Nat Birchall – Ancient Africa (2021)
FLAC (tracks) 24 bit/44,1 kHz | Time – 39:49 minutes | 425 MB | Genre: Jazz
Studio Masters, Official Digital Download | Front Cover | © Ancient Archive of Sound
Tucked away in the rural north of England, and so doubly off the media radar, tenor saxophonist Nat Birchall is one of Britain’s best kept secrets. His specialism is the strand of spiritual jazz pioneered by John Coltrane in the mid 1960s. Since the turn of the millennium, Birchall has released a string of albums ringing that bell with increasing resonance.
For a few years either side of 2010, Birchall was also part of trumpeter Matthew Halsall’s fellow-travelling band, which was (and still is) centred around the northern city of Manchester.
It is, in 2021, perhaps no longer entirely accurate to describe Birchall as a secret, best kept or not, for over the past few years he and his quartet have released albums whose quality has obliged even the most London-centric British jazz observer to sit up and take notice. Among them are Cosmic Language (Jazzman, 2018) and The Storyteller: A Musical Tribute to Yusef Lateef (Jazzman, 2019). Had the pandemic not got in the way, the second of these, released just a few months shy of Lateef’s 2020 centenary, would likely have created even bigger waves. On it, following in Lateef’s footsteps, Birchall plays a panoply of reed and percussion instruments drawn from a global gazetteer of musical traditions.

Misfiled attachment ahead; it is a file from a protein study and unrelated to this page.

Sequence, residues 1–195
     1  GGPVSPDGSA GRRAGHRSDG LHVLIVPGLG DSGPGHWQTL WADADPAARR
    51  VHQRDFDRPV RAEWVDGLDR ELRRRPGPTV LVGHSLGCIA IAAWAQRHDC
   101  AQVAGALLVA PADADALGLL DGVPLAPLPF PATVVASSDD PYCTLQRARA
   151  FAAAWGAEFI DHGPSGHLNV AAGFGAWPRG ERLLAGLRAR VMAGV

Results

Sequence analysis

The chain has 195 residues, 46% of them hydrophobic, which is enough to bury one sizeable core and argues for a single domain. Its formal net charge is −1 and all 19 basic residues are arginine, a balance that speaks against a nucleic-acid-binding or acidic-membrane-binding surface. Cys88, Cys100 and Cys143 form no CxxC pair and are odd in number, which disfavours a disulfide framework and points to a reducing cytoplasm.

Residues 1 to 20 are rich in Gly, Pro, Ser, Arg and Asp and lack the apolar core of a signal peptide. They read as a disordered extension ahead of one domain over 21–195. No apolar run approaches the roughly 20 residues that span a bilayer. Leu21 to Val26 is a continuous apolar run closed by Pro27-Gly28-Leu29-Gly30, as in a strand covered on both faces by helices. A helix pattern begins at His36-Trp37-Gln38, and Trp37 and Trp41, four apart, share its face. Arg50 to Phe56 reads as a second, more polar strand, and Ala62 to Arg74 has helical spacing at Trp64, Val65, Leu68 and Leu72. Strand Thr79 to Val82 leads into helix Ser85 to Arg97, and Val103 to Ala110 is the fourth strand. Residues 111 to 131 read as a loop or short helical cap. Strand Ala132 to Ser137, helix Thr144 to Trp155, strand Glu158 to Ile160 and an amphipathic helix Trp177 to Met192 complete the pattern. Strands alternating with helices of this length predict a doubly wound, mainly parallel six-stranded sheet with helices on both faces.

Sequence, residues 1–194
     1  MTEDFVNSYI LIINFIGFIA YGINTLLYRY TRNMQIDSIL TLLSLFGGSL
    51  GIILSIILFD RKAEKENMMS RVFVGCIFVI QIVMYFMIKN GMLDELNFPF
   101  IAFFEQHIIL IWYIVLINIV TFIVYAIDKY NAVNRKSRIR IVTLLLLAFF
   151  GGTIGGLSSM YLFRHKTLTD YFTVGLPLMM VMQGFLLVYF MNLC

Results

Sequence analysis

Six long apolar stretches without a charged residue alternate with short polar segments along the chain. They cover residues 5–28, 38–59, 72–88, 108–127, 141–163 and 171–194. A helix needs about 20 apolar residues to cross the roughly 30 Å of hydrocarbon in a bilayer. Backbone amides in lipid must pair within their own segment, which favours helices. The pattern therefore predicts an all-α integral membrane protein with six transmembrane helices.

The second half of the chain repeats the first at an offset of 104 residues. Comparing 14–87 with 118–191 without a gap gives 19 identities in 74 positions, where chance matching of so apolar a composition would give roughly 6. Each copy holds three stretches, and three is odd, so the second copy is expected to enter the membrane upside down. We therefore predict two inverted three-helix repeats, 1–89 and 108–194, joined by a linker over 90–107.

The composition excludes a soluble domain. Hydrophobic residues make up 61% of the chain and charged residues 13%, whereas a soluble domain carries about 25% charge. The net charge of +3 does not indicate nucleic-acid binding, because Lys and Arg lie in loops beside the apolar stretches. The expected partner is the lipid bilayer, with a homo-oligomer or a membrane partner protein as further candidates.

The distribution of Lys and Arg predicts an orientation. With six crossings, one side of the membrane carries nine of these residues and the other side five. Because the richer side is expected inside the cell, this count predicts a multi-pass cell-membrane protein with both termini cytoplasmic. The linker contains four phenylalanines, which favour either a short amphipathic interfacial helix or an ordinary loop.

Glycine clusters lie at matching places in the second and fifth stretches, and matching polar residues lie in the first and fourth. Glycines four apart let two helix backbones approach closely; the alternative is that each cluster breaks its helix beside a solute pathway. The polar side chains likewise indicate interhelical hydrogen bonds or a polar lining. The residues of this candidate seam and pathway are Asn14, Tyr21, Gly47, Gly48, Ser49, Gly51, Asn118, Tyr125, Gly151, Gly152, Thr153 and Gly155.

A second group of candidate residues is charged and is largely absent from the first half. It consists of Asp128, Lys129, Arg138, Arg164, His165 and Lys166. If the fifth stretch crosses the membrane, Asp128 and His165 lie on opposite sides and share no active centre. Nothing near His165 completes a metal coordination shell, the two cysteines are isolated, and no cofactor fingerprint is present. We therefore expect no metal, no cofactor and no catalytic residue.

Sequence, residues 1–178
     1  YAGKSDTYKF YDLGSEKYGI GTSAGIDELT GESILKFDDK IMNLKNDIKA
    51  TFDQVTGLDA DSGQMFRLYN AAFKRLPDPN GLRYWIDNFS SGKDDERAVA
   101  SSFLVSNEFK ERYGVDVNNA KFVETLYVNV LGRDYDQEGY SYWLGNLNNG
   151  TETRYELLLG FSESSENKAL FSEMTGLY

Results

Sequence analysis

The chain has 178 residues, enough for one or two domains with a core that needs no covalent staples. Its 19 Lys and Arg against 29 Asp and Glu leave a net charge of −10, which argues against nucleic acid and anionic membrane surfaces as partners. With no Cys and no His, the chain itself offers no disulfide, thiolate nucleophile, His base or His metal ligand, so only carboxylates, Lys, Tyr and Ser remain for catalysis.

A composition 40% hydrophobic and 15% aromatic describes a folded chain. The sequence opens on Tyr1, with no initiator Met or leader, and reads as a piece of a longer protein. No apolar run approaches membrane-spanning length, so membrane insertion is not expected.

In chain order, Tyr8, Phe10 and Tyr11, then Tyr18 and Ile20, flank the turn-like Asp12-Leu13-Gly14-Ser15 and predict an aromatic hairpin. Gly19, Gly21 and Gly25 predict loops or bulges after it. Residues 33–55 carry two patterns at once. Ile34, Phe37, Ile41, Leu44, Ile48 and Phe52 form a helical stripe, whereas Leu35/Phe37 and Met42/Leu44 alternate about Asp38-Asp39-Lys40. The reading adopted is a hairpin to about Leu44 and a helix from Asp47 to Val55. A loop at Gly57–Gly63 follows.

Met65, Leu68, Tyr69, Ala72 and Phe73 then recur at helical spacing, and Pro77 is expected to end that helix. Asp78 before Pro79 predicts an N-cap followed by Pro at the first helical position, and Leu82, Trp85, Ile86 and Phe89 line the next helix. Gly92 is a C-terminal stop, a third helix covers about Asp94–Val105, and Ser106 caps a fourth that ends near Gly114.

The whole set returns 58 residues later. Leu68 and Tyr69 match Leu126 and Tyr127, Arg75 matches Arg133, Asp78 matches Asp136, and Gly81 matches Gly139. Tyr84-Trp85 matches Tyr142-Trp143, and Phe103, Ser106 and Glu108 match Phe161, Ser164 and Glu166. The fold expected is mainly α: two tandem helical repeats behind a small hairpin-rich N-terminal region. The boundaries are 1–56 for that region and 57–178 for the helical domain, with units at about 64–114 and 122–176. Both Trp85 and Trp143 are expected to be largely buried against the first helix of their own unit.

Birchall adopts a multi-instrumentalist role on Ancient Africa, too. This time his hand was forced by lockdown restrictions which made the live-in-the-studio group sessions which he prefers pretty much impossible. On the album Birchall plays not just the reed and percussion instruments but the piano, bass and drums, too. He did much the same on 2020’s Mysticism of Sound (Ancient Archive of Sound), but the latest album is more assured and the illusion of a real-time band better achieved. This time out the charts are also more ambitiously conceived, with Birchall sometimes creating a three-horn frontline by overdubbing tenor saxophone, soprano saxophone and bass clarinet. Ancient Africa is a beautiful piece of benign sleight of hand and will serve to keep Birchall’s followers happy until he releases his next quartet album—and at the time of writing, the good news is that the band is playing together again.
01. Nat Birchall – Ancient Africa (10:09)
02. Nat Birchall – Paladins (05:52)
03. Nat Birchall – Mirror Mind (04:13)
04. Nat Birchall – Song for John Blanke (09:13)
05. Nat Birchall – Malidoma (05:42)
06. Nat Birchall – Ancestral Dance (04:39)
Nat Birchall – tenor saxophone, soprano saxophone, bass clarinet, piano, bass, percussion, gunibri